Thursday, March 19, 2009

Death of the Library?

Essay time is upon us (in fact, it is right on top of us!) and it’s gotten me thinking about the process of writing essays. I’m sure I’m not alone when I say that I hate doing research. I don’t mind learning, don’t get me wrong, but what I don’t like is trying to find sources for five major essays which are all due at the same time. Going through the stacks takes so much time and, quite frankly, it can be confusing trying to find exactly what you’re looking for. I absolutely love books (have worked with them for way too many years at a library and then a bookstore) so you think I would enjoy going to the library more, but I don’t. I would think that it’s just because I need to find books for an essay that, for the most part, will not interest me in the slightest. There’s also the fact – and this is the big one – that sometimes I am just too lazy to go wander the stacks. This is where the beauty of the online library comes in. Students everywhere are rejoicing because they can sit at home on their couch or in bed and search for sources that are just as reputable as the books in the library. This is all well and good, and I am guilty of using the online library frequently, but what is that doing to our research skills?
I think that there are two sides to this idea, like any good argument. I believe that people who are against the use of online technology to find sources think that it is making students lazier than they (ok, we) already are. This is a valid point. If we are able to search for academic journals on various online databases, why bother going to the library to search through the hard copies? I’ve never done it because it’s much easier just to look at them at home. Then I can print them from my own computer without paying for photocopying.
I will often find books that I need are available at other schools so I’ll have to order them in. I think that is a combination of not wanting to try and find the books I need and the fact that our library is quite small in comparison to others and I can’t always get what I need at ours. I remember in my first couple years of university we would be able to order any book to be picked up at the circulation desk, even if it was available at ours. I thought that was great! I could just pick a book, get someone else to find it for me, and then go pick it up when it was ready (which I found out by email). To most people that would seem incredibly lazy – but when there are multiple essays to be written and a huge amount of sources to be found, students are going to take any easy way out they can. This is why we’ve adapted so well to the use of online libraries.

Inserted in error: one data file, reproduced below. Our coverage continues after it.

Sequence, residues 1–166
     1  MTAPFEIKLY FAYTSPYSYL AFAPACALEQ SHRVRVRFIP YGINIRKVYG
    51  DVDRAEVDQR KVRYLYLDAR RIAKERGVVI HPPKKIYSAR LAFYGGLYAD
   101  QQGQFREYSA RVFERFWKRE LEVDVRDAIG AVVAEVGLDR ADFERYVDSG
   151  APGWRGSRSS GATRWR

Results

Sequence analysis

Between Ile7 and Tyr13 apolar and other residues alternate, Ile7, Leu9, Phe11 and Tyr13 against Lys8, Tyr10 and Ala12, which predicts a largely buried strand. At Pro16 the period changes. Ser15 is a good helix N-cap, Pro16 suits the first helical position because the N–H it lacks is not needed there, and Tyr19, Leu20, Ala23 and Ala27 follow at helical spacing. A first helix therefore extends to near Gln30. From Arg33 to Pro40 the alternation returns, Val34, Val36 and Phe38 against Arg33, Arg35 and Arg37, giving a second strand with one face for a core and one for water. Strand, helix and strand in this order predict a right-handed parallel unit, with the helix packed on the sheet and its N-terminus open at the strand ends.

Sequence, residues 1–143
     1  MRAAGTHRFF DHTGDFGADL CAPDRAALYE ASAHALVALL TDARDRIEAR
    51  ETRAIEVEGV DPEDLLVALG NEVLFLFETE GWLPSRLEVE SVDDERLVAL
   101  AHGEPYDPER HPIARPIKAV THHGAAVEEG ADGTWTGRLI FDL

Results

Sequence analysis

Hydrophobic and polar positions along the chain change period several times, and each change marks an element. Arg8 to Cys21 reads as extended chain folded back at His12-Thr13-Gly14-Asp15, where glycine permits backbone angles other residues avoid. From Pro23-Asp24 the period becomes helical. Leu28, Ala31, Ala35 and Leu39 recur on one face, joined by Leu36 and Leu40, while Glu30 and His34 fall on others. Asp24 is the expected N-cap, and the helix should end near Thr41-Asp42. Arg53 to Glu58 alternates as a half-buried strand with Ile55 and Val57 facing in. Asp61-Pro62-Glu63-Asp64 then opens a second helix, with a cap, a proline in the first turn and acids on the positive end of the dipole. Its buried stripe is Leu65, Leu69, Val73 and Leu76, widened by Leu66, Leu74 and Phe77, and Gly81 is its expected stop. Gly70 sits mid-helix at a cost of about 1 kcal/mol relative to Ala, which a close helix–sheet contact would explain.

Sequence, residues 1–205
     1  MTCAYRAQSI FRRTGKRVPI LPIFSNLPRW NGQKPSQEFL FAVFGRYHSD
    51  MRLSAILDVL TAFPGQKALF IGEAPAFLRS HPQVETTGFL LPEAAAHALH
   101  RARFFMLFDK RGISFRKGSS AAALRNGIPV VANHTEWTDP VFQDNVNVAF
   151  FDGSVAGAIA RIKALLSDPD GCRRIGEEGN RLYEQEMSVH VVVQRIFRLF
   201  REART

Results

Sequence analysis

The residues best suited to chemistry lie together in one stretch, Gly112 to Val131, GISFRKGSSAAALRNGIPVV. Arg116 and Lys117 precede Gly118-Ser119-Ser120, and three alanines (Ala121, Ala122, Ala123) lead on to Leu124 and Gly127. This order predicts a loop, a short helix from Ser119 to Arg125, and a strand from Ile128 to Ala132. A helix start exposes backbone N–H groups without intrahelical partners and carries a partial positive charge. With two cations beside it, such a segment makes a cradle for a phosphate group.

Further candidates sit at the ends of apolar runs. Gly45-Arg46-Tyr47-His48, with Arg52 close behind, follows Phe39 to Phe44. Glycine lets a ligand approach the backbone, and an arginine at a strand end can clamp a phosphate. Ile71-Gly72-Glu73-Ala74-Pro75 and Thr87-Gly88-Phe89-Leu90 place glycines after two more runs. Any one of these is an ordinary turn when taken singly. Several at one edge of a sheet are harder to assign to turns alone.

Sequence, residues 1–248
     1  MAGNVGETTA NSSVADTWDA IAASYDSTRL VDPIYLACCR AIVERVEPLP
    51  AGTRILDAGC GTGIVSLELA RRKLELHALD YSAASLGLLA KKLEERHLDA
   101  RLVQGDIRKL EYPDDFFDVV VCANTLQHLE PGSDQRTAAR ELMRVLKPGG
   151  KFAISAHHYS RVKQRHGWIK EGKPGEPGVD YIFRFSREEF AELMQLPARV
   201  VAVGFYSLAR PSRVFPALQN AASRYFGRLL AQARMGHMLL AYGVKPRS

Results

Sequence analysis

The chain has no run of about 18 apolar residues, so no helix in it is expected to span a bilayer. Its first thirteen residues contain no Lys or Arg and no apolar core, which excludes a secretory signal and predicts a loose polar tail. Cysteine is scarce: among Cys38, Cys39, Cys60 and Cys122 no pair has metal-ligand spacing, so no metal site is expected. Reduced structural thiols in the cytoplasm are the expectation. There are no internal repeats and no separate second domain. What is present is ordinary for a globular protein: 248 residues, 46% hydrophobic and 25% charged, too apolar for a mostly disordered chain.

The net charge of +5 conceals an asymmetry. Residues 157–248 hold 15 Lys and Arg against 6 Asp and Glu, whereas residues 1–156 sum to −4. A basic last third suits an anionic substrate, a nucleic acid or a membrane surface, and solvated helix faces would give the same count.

I think this is the positive side of the use of technology to do research. While the skills of actually going through books and doing research that way may be dulled, I don’t think they will completely disappear. Not in my age group anyways. I think we are learning new kinds of research skills. We have to learn what a good thing to search for is when we want to pull up a relevant academic journal article. There’s also the idea that we are actually expected to do more research because we have the knowledge of looking up sources in different ways. There have been many essays that I’ve had to write that ask me to have a mix of books and journal articles. This has forced me to learn how to look for articles in different ways, both at the library and online. We are embracing this new type of technology and learning to adapt and use it to our benefit.
Whether or not people believe that is a good thing for our education is another matter. I don’t think there’s anything wrong with using online books and articles for essays as long as they are trustworthy. We still learn to figure out which sources are good and which are not, we just do so in a different way. I don’t think that physical libraries are going to suffer too much, as long as we don’t let it. We can’t overestimate the benefits of online sources. Sometimes we do have to go look through all the books and find something of help to us. There should be an equal balance between physical sources and online sources and students should make sure they are using both. Students have so much going on in their lives that we’re going to latch on to anything that makes our lives easier. If it’s easier to get a mix of books and online journal articles then we’re going to take advantage of it. Besides, who wants to carry ten books home from the library anyways?

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